Each spring Leonard and I search for the first wildflower of the year. Usually a violet or a buttercup wins the prize. This year spring whitlow grass (Draba verna) along the shore of Baum Lake (Shasta County CA) was our first sighting.
Spring whitlow grass, with its four sepals, four petals and six stamens, is not a grass, but rather is a member of the mustard family. The leaves form a basal rosette. The white petals are deeply lobed. The fruit, also appearing in early spring, is a silicle (pod-like, flat, oval).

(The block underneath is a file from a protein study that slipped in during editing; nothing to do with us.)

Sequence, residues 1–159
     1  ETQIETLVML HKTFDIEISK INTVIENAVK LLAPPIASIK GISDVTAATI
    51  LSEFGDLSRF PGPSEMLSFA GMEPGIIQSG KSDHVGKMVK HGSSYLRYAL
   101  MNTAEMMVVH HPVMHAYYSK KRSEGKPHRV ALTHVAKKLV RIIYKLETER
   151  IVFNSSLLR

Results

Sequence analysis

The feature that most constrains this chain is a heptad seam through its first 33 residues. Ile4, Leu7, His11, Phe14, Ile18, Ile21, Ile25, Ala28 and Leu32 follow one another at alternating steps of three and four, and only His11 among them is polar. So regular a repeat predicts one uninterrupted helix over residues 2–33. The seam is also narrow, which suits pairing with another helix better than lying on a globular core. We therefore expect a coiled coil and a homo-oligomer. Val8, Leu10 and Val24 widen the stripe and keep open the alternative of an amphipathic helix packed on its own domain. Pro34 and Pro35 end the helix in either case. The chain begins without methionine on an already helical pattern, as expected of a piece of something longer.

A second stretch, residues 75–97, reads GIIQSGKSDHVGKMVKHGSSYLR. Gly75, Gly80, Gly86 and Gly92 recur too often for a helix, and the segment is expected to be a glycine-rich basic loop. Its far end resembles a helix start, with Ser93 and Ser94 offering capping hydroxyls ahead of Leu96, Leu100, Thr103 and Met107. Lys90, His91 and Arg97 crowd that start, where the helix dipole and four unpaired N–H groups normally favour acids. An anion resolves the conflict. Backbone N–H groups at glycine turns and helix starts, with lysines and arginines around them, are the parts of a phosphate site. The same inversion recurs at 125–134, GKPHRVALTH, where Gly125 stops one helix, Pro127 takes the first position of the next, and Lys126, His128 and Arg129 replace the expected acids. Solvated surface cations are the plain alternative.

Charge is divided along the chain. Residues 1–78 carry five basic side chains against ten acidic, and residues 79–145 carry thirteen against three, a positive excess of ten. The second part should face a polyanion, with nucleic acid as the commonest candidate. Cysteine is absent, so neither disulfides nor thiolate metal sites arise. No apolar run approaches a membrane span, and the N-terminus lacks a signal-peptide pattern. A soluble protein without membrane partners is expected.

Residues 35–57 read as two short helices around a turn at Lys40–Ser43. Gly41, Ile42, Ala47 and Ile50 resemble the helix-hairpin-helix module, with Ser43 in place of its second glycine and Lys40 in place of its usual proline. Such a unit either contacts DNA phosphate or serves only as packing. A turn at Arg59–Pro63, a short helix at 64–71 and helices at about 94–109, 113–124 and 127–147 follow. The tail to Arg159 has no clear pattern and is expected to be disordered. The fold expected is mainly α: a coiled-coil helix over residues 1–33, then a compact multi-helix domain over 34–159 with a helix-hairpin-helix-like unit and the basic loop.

An annual, introduced plant arising from a taproot, spring whitlow grass can be found in open, dry, sunny sites. However, to see this harbinger of spring one must look closely as spring whitlow grass only grows from one to three inches in height.
More information on spring whitlow grass can be found in an earlier post – “Spring Whitlow Grass from 04-20-12.